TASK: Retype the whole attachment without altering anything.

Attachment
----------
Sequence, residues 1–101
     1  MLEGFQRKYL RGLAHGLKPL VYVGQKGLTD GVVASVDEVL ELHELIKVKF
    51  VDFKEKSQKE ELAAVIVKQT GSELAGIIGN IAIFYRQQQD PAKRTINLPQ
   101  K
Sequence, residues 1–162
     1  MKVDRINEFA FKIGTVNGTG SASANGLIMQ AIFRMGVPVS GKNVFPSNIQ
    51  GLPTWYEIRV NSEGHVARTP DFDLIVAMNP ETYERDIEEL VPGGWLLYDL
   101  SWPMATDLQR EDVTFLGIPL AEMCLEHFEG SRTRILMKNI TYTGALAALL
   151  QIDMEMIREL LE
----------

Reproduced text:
Sequence, residues 1–101
     1  MLEGFQRKYL RGLAHGLKPL VYVGQKGLTD GVVASVDEVL ELHELIKVKF
    51  VDFKEKSQKE ELAAVIVKQT GSELAGIIGN IAIFYRQQQD PAKRTINLPQ
   101  K
Sequence, residues 1–162
     1  MKVDRINEFA FKIGTVNGTG SASANGLIMQ AIFRMGVPVS GKNVFPSNIQ
    51  GLPTWYEIRV NSEGHVARTP DFDLIVAMNP ETYERDIEEL VPGGWLLYDL
   101  SWPMATDLQR EDVTFLGIPL AEMCLEHFEG SRTRILMKNI TYTGALAALL
   151  QIDMEMIREL LE